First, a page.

Anshan, The Place Where I Live

Here's a new batch of pictures from Anshan in no certain order.  Most of these were taken during my second term at the school.

This is how board I get.  If you can't tell what it is, I've written "BILL WAZ HERE" in giant letters in the snow covering the lake outside my building.  It took about a half hour.  I took the picture while hanging out the window of Catherine and Arturo's room.
Taken with two of my students and their friends.  I was walking through the Feb. 14th Park (named for the day Anshan was liberated) and they wanted to have their picture take with me.  Sometimes, complete strangers do this as well.  The ones first and third from the right were my students.
What's all this nonsense I hear about bad relations between the US and China.  Someone over here clearly likes us.  This is me giving an English corner for one of the departments.  My usual routine was to introduce myself and let the students ask questions.  This was organized by one of my old students who knew me well enough to know I loved Coke.
My former students Li Qi (left) and Chen Hong Mei (Right)  Both are from different departments but they made friends in my class.  I've found students  often have few friends outside their own class groups.
The market near the school.  People cram into a narrow street with their bicycles and scooters for meat, vegetables, fruit, cloth, pots and pans, clothes, some things I don't recognize.  The seller on the right is piling something onto a scale.  The odd thing to me is that everything is in the open.  Chinese like to see things.  Even on windy, dirty days everything is exposed to the bugs and trash.  Even the meats.  It can be a bit nasty but I figure if it doesn't hurt the locals it won't hurt me.  It is strange buying meat that's still on the bone and looks like 3 hours earlier had been grazing.

The Second Qianshan International Festival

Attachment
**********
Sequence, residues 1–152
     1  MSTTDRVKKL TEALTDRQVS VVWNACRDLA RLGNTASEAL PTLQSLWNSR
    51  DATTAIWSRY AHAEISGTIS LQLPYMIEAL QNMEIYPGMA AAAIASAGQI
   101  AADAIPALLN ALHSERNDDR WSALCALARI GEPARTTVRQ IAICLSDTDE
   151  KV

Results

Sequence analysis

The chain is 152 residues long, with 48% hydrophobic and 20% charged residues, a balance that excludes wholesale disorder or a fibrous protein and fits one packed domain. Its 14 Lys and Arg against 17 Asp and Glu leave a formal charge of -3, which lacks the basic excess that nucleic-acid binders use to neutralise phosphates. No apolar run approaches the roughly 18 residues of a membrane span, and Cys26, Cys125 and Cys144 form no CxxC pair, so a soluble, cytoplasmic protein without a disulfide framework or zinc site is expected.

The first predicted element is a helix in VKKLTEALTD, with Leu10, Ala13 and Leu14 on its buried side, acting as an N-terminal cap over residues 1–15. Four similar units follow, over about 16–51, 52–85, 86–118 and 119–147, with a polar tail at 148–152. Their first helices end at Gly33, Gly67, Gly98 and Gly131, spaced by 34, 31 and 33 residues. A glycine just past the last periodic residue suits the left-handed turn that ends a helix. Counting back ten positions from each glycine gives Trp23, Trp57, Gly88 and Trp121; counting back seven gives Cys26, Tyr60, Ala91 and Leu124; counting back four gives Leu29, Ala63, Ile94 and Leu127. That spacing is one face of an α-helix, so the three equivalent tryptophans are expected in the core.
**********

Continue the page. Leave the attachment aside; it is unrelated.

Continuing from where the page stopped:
Me and a giant beer.  I kinda needed one after seeing all this.  This was taken at a really weird parade the city put on before the Festival.  Among the cast of characters was a group of floats, a roller-skate troupe, ballerinas who had to perform on a slippery platform, a group of foreign students from Shenyang including Americans, Europeans, and Africans, (the Africans were forced onto a stage to do a little dance.  Some came in native costume) a group of wacky Germans dressed like ants (???) and doing a really weird tecno dance, and then there was us; the international students and teacher of our college.  We didn't dance or anything (though a German ant invited me to) but for some reason some people ran out with silly string and attacked us.  I grabbed someone's can and fired back.  That was our contribution.  The walking beers are from Shenyang.  Anshan has two breweries of it's own.  Most major cities in China have their own beer.
At the moment, I don't have any pictures taken during the race, but here's one of me taken at the highest point.  Just like last year, the "authorities" tried to make us go home early but we trudged on toward the top.
Someone carved a Buddha into the rock on the mountains peak.  People come up to kowtow or tie prayer clothes to the trees. 
The oldest temple at Qianshan.  It was originally built over 1,000 years ago.  This is my favorite temple in China because it really looks like a temple.  Most look like tourist traps.  At this one, monks are actually working.  There's a field just outside where they grow their food.  Last time I was here, they were working to rebuild one of the building.  Unfortunately, the local gov't has been encouraging everyone to modernize for tourism so they've stuck up a few new buildings.
An old Daoist (Taoist) monk sits in the courtyard of the Five Dragon Temple and watches the world go by.  That's not all he does, on my last visit I saw this same fellow doubled over under a load of branches he was carrying in for firewood.  This is the biggest temple at Qianshan, and the gaudiest.  Lao Zi would have been proud.  There's even a giant statue to him.
A Buddhist monk contemplates the emptiness of the mountains.  This was at another temple undergoing renovation.  Monks don't like to have their pictures taken because they've renounced all pleasures and if you take their picture it means you think that they're important and may give them a sense of pride.  That's why I always take pictures when they're not looking.
Me in a small structure in the Daoist temple.  While building structures like this to draw attention to the Dao run counter the idea, I just liked the YingYang.
  During Spring Festival a massive amount of fireworks were set off.  This is a street sweeper cleaning the sidewalk outside the hotel my school was in. 
   Me teaching an adult class.  This was when I was working for a private school.  Not a very good experience.  Who looks more board, me or the sudents?

Third Annual Qianshan International Festival

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